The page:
Fill Your Paper with the Breathings of Your Heart

During our Artist-in-Residence Week, the children were in a happy, creative fervor as they explored new techniques and materials alongside professional artists.

Part of the joy of making art with the children, beyond seeing how rapt and focused they are as they explore the materials, is listening to them discuss their discoveries. Creating art is a challenge for the hand, the eye and the imagination, and talking about it is a spur to language development. Young children are often more excited to talk about their process—how they experimented with thick and runny paint, or how tricky it was to attach two pieces together—than the visual result. But they often have profound and insightful reflections to share about their work. Their striking creations sometimes call to mind Wordsworth’s line: “Fill your paper with the breathings of your heart.”

Our students are very open-hearted and curious about art, and with guidance from their teachers, they learn to find words for what artists do. When the teachers share images of Matisse’s paper cutouts or Van Gogh’s landscapes, the children pick up the vocabulary to describe color, line, form and technique. By listening to the teachers talk about visual and tactile effects, they are able to make perceptive observations about art by their peers as well as by famous artists.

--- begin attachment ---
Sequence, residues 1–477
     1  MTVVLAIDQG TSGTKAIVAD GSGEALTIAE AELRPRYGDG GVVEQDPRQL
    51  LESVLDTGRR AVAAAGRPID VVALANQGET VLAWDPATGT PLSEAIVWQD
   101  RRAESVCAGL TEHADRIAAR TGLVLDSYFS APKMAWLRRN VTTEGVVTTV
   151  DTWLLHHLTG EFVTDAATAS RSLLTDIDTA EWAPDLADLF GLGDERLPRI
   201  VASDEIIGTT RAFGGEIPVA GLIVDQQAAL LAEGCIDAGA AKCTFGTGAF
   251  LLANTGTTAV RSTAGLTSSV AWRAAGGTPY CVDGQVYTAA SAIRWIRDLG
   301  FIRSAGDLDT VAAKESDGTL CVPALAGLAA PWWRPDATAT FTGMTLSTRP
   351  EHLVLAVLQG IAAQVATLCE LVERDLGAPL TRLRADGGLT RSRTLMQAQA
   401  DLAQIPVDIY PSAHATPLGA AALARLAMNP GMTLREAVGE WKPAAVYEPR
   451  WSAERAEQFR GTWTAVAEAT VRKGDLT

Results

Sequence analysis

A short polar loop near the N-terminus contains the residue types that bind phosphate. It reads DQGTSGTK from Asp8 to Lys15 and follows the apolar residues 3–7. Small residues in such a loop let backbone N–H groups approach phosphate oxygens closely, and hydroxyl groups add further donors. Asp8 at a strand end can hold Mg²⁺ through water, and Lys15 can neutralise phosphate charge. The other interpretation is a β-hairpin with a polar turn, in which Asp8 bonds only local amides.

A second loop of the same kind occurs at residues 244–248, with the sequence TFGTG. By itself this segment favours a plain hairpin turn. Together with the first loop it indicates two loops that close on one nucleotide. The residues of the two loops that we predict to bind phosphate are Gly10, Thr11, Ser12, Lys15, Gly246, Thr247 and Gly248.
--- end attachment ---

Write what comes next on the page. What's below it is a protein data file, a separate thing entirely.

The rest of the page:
A lovely, encouraging guide for parents who want to share their favorite artworks with children is Françoise Barbe-Gall’s How to Talk to Children About Art. The author showcases 30 famous paintings, from Botticelli to Jackson Pollock, and then imagines the questions and reactions a child would have in front of each picture. Using a developmental approach, with color-coded pages for different ages (5–6, 7–8, 9–11), Barbe-Galle approaches each painting as a side-by-side adventure, with a child and an adult taking turns to describe what each sees.

The author’s point is that you don’t need years of training in art history to enjoy looking closely at a work of art. One example she offers is Uccello’s Saint George and the Dragon, a wonderful painting to peruse with a child because it has many mysterious details to notice and ponder. (The princess has the dragon on a red leash! There’s a dark cyclone cloud behind the knight. It’s bright daylight but the moon is out. The dragon’s lair looks like a formal garden.) As you look closely at the facial expressions, poses, costumes, the contortions of the animals and the surreal weather, the eerie, playful, storybook quality of the painting emerges. It’s a work that mesmerizes more than five centuries after it was made.

We don’t usually think of coffee-table books and artist monographs as children’s books—but they can be. Indeed, Barbe-Galle sees such books as the perfect medium for conversations about art—even better than a museum, where the works are hung above a child’s eye level. And best of all, there’s no one to stop your child from putting a finger down in the middle of a picture and announcing, “I love this one the most!”